I don’t cosplay and I don’t LARP (though I did as a kid, like most kids) at least not so anyone would notice, but there is, indisputably, an aspect of both when it comes to what makes a particular watch interesting to me, and I bet some of you, too.

Look Mom, I’m An Astronaut

The first watch I can ever remember seeing, and wanting to own, was the Omega Speedmaster Professional and while it’s probably difficult for newcomers to watch collecting to understand today, having a watch that astronauts were using was about the coolest thing to which a kid could aspire, once upon a time. Roughly at the same time – mostly, the 1960s – there was no shortage of watches that touched other cool worlds; automotive, aviation, you name it. But there was nothing that could touch space travel and even the lowliest lunchbox tie-in, the Space Food Stick, was space-travel-adjacent enough to kick Twinkies and Dolly Madison cupcakes out of brown paper bags nation-wide.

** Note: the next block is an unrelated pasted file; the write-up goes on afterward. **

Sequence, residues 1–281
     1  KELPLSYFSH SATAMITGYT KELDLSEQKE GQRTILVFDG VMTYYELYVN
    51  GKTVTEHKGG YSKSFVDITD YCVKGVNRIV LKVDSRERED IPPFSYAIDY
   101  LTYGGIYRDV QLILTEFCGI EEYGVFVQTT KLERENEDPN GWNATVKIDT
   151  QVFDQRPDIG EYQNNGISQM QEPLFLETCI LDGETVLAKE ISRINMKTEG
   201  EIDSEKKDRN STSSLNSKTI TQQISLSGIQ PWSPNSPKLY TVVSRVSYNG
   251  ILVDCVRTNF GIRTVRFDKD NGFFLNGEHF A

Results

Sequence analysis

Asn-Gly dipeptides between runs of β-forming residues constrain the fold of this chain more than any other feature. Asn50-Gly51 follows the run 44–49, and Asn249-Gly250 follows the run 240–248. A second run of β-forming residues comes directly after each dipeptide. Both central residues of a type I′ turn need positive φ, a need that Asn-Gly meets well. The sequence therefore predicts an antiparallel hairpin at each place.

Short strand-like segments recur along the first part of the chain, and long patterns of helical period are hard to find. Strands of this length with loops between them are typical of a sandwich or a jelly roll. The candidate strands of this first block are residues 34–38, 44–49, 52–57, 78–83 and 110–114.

Buzz Aldrin with the Omega Speedmaster Professional, on the lunar surface.

People buying Speedmasters nowadays are increasingly too young to remember the Apollo program, but while the Speedmaster is no longer currently a Moonwatch, it’s still closely enough linked to crewed space missions for the connection to factor into the Speedmaster’s public image. Certainly it scratched the astronaut itch for Jeff Bezos. You could say a lot about the first crewed flight of Blue Origin, but it’s at least partly one of the most expensive examples of LARPing in history.